The way this has been done is ill-advised and ill-thought out. I agree with the Minister of State. If we had to put 50% stamp duty on vulture funds, I would have no problem with that, I agree with it 100%. We can hit them because they bought it low. The funds might start talking to people who they are trying to drive out of their houses, having bought their loans from other banks at 30% or 40% of their value. They might finally start talking to them if we hit them with a real, substantial tax or stamp duty. That might be the solution for these guys who will not come to the table and who are faceless in this country, and send middle men in to talk and bring people around in circles.
We must make sure that like the thresher which separates the grain from the straw, we separate the family operation, the small farm and business from the rest because they are the heart of many communities. Unless we do that this budget is saying goodbye to more buildings and towns around the country. That is the clear message we are sending out.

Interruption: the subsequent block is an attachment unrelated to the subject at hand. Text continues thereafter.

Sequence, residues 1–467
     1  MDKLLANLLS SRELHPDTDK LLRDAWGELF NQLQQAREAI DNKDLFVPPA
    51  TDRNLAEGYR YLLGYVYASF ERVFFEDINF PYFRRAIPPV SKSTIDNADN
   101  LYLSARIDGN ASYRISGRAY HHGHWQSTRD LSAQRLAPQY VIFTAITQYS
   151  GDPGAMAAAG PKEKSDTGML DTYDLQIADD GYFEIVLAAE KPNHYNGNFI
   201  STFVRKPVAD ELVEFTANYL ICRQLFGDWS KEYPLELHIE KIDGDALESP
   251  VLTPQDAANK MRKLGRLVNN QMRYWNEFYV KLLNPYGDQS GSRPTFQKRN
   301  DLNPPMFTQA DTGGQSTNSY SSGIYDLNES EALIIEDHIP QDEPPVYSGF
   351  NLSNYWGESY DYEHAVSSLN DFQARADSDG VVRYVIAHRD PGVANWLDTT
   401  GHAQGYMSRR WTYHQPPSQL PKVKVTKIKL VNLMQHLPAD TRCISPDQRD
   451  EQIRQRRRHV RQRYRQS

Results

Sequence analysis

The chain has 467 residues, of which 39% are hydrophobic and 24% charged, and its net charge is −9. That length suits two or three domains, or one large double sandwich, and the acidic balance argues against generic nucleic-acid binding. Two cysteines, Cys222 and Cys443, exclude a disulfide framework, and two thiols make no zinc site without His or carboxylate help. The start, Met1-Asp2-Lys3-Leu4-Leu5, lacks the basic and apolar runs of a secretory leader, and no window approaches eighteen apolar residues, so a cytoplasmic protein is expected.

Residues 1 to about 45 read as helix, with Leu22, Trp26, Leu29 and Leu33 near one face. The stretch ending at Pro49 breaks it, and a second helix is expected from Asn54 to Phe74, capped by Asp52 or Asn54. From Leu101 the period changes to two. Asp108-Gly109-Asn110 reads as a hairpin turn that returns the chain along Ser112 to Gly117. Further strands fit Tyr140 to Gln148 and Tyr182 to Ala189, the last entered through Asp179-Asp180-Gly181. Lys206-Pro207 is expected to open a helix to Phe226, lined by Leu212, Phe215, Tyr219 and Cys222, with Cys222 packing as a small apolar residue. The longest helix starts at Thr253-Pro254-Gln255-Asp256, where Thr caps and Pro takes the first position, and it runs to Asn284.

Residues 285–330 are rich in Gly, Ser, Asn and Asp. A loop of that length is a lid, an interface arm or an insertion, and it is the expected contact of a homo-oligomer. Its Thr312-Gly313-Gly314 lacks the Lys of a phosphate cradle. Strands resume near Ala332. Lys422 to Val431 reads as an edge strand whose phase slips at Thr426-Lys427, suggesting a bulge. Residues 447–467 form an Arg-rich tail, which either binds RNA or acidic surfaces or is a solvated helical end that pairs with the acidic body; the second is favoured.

I ask the Minister of State to consider what we are trying to do when amendments to the Finance Bill are tabled. If the Government wants to bring in the money by hitting the big vulture funds, that will not be a problem This Dáil would back it 100%. This country needs to send out the message that it wants to encourage SMEs and family farms because the message going out at present is that we are a country that encourages landlordism and one can forget about everything else.